Dandie Dinmont Terrier
Origin: Great Britain
AKC Group: Terrier
8 - 11 inches (Male)
18 - 24 pounds (Male)
Dandie Dinmonts are very smart and independent. These feisty little dogs are often suspicious of strangers and aggressive with other animals. They're sometimes hard to housebreak, and they love to dig and bark.
Dandie Dinmonts are part of the Terrier group. In general, terriers have a very distinctive personality that's unlike any other breed. They're feisty and energetic. Originally bred to hunt and kill vermin, terriers love the chase - don't let your terrier off its leash unless it's in an enclosed area.
Terriers make excellent pets. These tough little canines have an attitude; however, so they usually adapt better to quiet households. Most terriers are usually jealous and snippy around other pets, especially dogs.
While some terriers are good with children, most will snap if provoked. If you want your terrier to be friendly with strangers, you need to accustom it to people at an early age. Terriers are also barkers and diggers.
In terms of health, terriers are very hardy dogs with few health problems. Most live a long time, usually around 15 years. Terriers need to be brushed twice a week and professionally groomed about every three months. While pet terriers are usually clipped, show dogs are stripped, which means the dead hairs are plucked out one by one so the coat color doesn't fade.
About two inches long; a mixture of hard and soft hair. Front legs are shorter than hind legs. Tail and ears hang down.
Puppies born black and brown will eventually turn pepper. Puppies usually reach adult color by 18 months. Head and topknot (a tuft of hair on the top of the hand) are creamy white. Some white is allowed on the chest and toenails. Eyes are dark hazel; nose is dark.
This breed is susceptible to spinal disc problems. Don't let your Dandie Dinmont jump off of high couches and beds.
The Dandie Dinmont Terrier hails from the Scottish - English border country and stems from the same stock as the Border, Lakeland, Bedlington and Welsh Terriers. He was developed as far back as the 1600s as a specialist for otters and badgers. Most of these dogs were kept by a few families in the area, like the Allans. Willie "Piper" Allan, who died in 1704, kept an outstanding pack and refused to sell any, despite handsome offers. His sons and grandsons continued the tradition, occasionally giving a pair to a friend or for favors. A tenant farmer, John Davidson, obtained a pair and bred them. With these and similar breedings, the otter terriers were sprinkled sparingly throughout the area, without specific title or pedigree, when Sir Walter Scott chanced upon them in his travels. He immortalized them in his novel "Guy Mannering" (1814), in which one of the characters, a farmer named Dandie Dinmont (modeled after Davidson), kept this breed. From then on, the breed came to be known as Dandie Dinmont's Terrier.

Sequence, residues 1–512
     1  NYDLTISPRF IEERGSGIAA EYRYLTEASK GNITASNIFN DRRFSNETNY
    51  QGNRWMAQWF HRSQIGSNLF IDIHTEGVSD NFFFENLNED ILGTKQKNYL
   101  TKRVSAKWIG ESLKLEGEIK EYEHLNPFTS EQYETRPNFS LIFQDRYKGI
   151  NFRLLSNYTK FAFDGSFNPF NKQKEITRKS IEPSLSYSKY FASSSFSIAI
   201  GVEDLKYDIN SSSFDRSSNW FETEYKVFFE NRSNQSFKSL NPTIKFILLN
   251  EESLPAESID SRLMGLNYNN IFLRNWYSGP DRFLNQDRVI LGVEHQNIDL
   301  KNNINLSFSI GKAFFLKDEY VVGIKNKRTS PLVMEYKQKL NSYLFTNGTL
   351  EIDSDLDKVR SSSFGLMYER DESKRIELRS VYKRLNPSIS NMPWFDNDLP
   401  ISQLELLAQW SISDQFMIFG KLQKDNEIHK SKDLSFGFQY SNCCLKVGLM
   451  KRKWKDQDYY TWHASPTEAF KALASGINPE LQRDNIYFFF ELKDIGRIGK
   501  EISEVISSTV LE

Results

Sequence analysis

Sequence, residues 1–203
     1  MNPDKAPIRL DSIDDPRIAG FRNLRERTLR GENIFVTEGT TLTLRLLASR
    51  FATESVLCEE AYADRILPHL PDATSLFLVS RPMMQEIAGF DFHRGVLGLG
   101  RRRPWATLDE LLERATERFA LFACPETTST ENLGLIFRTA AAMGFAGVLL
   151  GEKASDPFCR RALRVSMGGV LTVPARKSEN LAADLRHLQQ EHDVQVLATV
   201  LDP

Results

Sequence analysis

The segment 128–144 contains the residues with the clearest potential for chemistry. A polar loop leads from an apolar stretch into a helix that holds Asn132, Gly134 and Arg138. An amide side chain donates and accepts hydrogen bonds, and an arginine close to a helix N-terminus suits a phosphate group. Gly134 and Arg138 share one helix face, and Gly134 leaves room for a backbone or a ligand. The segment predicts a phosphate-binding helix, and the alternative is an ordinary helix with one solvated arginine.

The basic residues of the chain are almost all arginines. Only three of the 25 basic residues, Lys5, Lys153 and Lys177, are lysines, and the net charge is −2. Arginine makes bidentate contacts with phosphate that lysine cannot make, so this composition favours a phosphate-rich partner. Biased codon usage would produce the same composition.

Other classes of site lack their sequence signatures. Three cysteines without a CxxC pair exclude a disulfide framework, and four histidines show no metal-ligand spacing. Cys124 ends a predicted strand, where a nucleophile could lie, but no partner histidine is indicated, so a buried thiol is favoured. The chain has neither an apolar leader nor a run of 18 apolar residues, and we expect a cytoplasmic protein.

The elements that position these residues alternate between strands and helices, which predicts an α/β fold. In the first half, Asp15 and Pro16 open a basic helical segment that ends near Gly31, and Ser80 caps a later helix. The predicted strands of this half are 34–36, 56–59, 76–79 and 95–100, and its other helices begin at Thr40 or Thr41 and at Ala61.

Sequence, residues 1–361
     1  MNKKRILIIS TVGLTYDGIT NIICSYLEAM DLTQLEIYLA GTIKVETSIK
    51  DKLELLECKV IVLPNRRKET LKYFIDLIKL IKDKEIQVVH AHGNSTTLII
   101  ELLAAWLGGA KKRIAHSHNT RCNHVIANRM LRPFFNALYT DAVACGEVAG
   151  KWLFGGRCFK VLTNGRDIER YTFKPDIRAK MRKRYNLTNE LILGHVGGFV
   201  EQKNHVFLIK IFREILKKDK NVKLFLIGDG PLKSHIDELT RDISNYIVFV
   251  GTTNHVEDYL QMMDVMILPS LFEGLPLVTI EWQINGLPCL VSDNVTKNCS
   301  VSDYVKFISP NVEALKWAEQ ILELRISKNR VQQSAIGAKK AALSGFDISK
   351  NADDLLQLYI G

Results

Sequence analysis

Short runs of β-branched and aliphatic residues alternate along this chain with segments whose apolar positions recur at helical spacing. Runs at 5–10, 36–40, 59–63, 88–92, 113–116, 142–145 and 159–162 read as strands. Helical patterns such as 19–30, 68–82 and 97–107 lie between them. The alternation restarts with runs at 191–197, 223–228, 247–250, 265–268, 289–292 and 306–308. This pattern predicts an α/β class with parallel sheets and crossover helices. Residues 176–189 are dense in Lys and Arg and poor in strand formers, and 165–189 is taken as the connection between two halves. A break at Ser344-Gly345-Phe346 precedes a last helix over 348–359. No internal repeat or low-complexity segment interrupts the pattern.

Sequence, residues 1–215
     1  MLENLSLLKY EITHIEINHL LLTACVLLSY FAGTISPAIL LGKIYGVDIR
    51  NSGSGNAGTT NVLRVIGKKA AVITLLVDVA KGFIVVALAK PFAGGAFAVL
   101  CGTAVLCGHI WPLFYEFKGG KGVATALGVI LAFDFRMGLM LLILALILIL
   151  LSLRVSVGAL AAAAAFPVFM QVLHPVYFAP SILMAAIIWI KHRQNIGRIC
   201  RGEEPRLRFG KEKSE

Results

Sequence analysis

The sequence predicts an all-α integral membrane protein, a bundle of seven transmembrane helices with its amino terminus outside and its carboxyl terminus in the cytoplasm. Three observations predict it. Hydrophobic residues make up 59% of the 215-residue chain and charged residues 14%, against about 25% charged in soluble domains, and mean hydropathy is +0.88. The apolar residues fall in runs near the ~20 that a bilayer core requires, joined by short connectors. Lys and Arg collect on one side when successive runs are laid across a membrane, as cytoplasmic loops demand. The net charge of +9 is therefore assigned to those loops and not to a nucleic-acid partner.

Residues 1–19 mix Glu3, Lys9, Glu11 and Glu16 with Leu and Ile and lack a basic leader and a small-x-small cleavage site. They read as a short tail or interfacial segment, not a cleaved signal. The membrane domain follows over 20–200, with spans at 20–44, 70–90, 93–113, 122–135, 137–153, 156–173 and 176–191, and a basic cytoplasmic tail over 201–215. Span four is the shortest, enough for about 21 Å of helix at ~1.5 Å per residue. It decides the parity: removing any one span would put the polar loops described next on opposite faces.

An affectionate and at times silly dog, the Dandie can also be willful and standoffish. He is reserved with strangers and protective of his home. He can be plucky and determined, and he is intelligent. Socialization is important from puppyhood to help the Dandie Dinmont feel comfortable with people and other animals.
The Dandie Dinmont Terrier is a versatile dog who can live just about anywhere. His size makes him a fine choice for city living, but he is hardy enough for the country. He is relatively active indoors, but with enough time and attention will settle down when you need him to. A small fenced-in yard will suit your Dandie just fine.
The Dandie Dinmont can do well at earthdog trials, showing and canine freestyle.
he Dandie has moderate exercise requirement - a few walks a day and some playtime are all he needs.
The Dandie Dinmont Terrier requires a balanced, high-quality diet to stay healthy.
The independent-minded Dandie Dinmont responds best to positive, motivational training. He needs socialization with children, other animals, and different kinds of adults from an early age if he is to be the confident dog he can be. If he doesn't get it, he can be aggressive or overly shy, as his instincts will tell him to steer clear.
The Dandie won't tolerate ill-behaved children, but those who are kind will be accepted and loved. He doesn't always get along with other pets, so socialization from an early age is essential.
The average life span of the Dandie Dinmont Terrier is 12 to 15 years. Breed health concerns may include back problems; epilepsy; glaucoma; hypothyroidism; and primary lens luxation.
King Louis Philippe of France owned a pair of Dandies in the 1840s.
If you want your Dandie to look like a show dog, he will need professional grooming. The combination of soft and coarse hairs must be balanced and professionally maintained, and the distinctive look of his face is best left to a professional to achieve. If you want to groom him at home you'll have to learn how to strip him, clip him and brush him with a pin brush.
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